As an aside, be careful about dental offices.  Some will tell you that you need work that you don’t really need.  Find a reputable dentist.  They usually have their own practices and are not part of a group.

The plan also covered vision expenses.  But I found out my plan already covered some vision expenses, so what did I need this for?

After calculating that I would be out a certain amount of money by year end due to the extra premiums, I decided an Advantage plan was not for me.  However, let me tell you it wasn’t easy to un-enroll.  I made several phone calls, got the run around and had to get rather nasty to have them cancel my coverage.

Bottom line, do your homework before you sign up for an advantage plan.  Do your calculations.

So Beware!

This flex card isn’t what it claims to be.  The insurance companies want to make money off of you.  

I wish that the government website for Medicare (www.medicare.gov) had an article about this card.  As of this writing, I don’t see anything.  To their credit, they do have a link to protect yourself against fraud under the Learn category.  Which I highly recommend you read.  

I suggest you check out various ads for this card.  Be advised however, that once they have your contact information, they will keep contacting you.  They want to make a sale!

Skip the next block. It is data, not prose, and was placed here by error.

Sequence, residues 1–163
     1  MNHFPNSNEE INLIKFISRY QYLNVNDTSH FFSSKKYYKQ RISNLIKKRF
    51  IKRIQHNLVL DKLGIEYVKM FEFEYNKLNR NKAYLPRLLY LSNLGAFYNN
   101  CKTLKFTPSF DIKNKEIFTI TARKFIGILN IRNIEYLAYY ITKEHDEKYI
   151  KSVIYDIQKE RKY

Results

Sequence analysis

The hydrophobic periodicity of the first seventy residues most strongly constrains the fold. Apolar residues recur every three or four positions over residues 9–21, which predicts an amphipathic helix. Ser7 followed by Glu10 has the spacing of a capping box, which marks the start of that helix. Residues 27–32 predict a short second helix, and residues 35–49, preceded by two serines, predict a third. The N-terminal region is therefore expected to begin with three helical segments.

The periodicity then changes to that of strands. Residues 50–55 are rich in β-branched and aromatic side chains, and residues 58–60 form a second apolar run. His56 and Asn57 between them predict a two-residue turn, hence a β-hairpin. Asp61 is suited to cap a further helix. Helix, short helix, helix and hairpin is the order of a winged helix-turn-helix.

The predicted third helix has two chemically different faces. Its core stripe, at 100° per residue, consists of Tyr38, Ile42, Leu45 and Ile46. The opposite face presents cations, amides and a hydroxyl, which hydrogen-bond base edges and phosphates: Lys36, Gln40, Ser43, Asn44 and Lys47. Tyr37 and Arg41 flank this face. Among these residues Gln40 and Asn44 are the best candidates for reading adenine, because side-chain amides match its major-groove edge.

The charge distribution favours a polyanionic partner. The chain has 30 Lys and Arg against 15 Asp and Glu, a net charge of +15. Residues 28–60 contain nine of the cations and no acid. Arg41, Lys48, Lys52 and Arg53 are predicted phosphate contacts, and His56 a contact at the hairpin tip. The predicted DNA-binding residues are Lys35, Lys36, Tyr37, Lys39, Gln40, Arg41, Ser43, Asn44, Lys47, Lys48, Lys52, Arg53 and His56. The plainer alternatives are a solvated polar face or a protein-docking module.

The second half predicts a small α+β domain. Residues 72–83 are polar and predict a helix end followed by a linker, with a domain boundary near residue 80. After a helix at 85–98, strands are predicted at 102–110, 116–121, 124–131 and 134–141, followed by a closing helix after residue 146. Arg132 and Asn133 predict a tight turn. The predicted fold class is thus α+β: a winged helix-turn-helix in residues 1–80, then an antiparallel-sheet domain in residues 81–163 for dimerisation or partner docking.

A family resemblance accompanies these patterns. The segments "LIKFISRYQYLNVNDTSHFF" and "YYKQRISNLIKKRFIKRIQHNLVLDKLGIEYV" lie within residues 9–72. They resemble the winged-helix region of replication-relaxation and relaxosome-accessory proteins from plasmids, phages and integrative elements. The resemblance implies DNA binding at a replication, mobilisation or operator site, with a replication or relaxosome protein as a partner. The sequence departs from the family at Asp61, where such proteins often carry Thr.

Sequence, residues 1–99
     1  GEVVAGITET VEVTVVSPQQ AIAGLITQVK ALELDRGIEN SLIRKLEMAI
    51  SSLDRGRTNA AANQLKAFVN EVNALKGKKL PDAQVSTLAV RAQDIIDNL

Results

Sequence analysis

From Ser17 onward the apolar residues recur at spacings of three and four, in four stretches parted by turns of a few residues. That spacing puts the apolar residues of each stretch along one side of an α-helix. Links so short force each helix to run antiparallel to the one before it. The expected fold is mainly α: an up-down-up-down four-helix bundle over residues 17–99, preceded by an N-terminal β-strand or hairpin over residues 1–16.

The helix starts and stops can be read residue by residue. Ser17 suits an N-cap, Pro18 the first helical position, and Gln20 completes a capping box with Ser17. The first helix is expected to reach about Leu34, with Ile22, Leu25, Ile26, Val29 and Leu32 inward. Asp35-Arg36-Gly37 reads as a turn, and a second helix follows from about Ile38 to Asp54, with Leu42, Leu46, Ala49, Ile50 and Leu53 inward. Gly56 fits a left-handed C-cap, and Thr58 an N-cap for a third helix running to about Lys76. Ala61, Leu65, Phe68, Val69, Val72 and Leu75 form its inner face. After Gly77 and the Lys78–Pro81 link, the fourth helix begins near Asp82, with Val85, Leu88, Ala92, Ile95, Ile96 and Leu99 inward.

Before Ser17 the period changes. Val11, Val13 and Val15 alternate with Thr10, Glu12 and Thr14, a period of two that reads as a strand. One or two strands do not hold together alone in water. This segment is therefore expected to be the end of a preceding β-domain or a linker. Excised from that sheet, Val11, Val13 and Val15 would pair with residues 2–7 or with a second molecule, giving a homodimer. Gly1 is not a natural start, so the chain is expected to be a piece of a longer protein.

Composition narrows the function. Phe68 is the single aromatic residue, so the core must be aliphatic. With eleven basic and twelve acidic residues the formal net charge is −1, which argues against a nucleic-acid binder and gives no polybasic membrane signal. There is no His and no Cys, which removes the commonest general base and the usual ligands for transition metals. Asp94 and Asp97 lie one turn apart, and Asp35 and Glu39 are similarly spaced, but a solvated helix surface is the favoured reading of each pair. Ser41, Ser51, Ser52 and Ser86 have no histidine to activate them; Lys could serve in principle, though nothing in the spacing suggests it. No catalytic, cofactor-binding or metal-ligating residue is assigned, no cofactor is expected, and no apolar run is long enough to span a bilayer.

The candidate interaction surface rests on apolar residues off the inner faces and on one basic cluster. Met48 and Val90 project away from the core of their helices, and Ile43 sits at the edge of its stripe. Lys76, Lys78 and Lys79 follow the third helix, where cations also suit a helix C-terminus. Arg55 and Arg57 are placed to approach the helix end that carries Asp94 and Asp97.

And even if the ad is legitimate, be aware that there are lots of scams out there.  If you are unsure of a website, don’t give them any information.  We seniors are one of the most targeted demographic for scams.

I have written a few articles about scams. Check out this link to see one of them.

Bottom Line

The Flex card isn’t what it’s advertised to be.  It is not free, you probably can’t recover $2,800.00, or anything near that.  

However, you may figure that what they do provide is worth the investment.  Just DO YOUR HOMEWORK!

Let’s Help Each Other

I welcome your comments. If you have questions, post them here. If you have further helpful information, post that here too. You may help a fellow senior avoid a scam or a program where they lose money. Let’s take care of each other.

38 thoughts on “What is the Flex Card? Should I Get One?”

  1. Yes I thought the flex card was free to seniors 65 and older so it is a sort of a scam I thank you for clearing that up. Now I now it is not true

    Reply
      • So I was gettin’ ready to watch a video on YouTube (I wanna go back to b&w tv with just two channels) and I saw this ad for “Flex Card”. So what’s this? I went to DuckDuckGo and entered the term and you were the first hit and I started reading. I got to your second sentence: “The claim is the government did something right! That should be the first red flag. When was the last time the government did something right?”
        And I am just here to say…Bravo! And now I have to stop writing ’cause I can’t type when laughing maniacally but you did make my day. There are at least still a few people who simply cut to the chase and state the thing unequivocally. Again: Bravo!

        Reply
        • Randy; thanks for making my day. I’m glad you found my dry humor entertaining. Once in awhile in my posts, I do like to say what I am “really” thinking. Also, good to know that people are reading this post, because I think the Flex card is a ripoff.
          Barbara